Research has proven that early language experience stimulates a child's brain to grow and reading to children gives them a huge advantage when they start school. Member organizations of the Association of American Publishers (AAP) participate in a variety of ways in Get Caught Reading to encourage people of all ages to enjoy books and magazines and to share that pleasure with the young children in their lives.
As part of the Get Caught Reading campaign, Buddy, from Dinosaur Train, is depicted “caught reading” in posters made available to teachers and parents for use in classrooms, libraries and other locations. The “Buddy” poster is available at http://www.getcaughtreading.
According to AAP Vice President Tina Jordan, “Dinosaur Train is one of the most popular and frequently requested Get Caught Reading posters by the elementary school and library community and AAP is grateful to The Jim Henson Company for allowing Buddy to join our GCR community.”
In Guess Who Buddy!, “What’s that dinosaur?” is the question Buddy needs to answer as he plays a guessing game with his friends. Kids can play along with Buddy by reading the playful descriptive text for each hidden character, guessing the dinosaur, then lifting the flap to see if they are right! A surprise pop-up at the end of the story adds to the charm of this fun book. SRP $10.99. Ages 2 (aff) and up. Will loved this book. He loved being able to interact with some of his favorite characters. I love that the flaps are easy to lift, so that the youngest ones can do it.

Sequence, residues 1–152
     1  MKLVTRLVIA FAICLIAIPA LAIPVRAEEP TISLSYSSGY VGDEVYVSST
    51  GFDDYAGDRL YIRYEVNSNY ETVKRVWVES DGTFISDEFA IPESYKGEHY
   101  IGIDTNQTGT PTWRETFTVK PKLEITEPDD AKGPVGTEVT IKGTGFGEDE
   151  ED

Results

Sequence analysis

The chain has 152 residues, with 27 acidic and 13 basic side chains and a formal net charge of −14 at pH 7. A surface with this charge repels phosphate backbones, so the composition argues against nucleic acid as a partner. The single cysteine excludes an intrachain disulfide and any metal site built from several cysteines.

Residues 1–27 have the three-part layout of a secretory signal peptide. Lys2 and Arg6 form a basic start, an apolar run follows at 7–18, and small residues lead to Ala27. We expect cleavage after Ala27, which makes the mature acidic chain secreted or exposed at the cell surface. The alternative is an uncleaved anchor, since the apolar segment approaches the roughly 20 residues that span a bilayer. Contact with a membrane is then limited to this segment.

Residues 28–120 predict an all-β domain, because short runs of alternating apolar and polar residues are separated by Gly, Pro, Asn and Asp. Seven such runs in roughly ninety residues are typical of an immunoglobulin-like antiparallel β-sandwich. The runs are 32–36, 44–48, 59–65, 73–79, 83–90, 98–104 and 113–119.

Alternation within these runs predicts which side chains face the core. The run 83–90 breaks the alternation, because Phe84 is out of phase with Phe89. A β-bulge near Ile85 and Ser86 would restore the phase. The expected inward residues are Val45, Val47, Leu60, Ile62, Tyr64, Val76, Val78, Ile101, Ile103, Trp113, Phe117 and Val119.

According to United We Serve, a nationwide service initiative that helps meet growing social needs resulting from the economic downturn, 80% of preschool and after-school programs serving low-income populations have no age-appropriate books for their children. A recent study shows that while in middle-income neighborhoods the ratio of age-appropriate books per child is 13 to 1, in low-income neighborhoods the ratio is 1 for every 300 children.
The most successful way to improve the reading achievement of low-income children is to increase their access to print. Communities ranking high in achievement tests have several factors in common: an abundance of books in public libraries, easy access to books in the community at large and a large number of textbooks per student.
Anyone can get together to help increase reading achievement and literacy by organizing a book drive. This tool kit (http://www.serve.gov/
Or, simply commit to donating your gently used books to local organizations. Here are some tips:
- Consider libraries, non-profit children’s organizations for homeless, foster children and struggling families, Goodwill and Children’s Hospital’s thrift stores, and after-school programs.
- Call the charity or organization and see if they accept used children’s books and what their guidelines are.
- Go through your books and make sure all pages are present, readable and stain-free.
You can also check Donation Town, an online directory of charities that offer donation pick up services.
Enjoy reading not only this month, but every month this year!!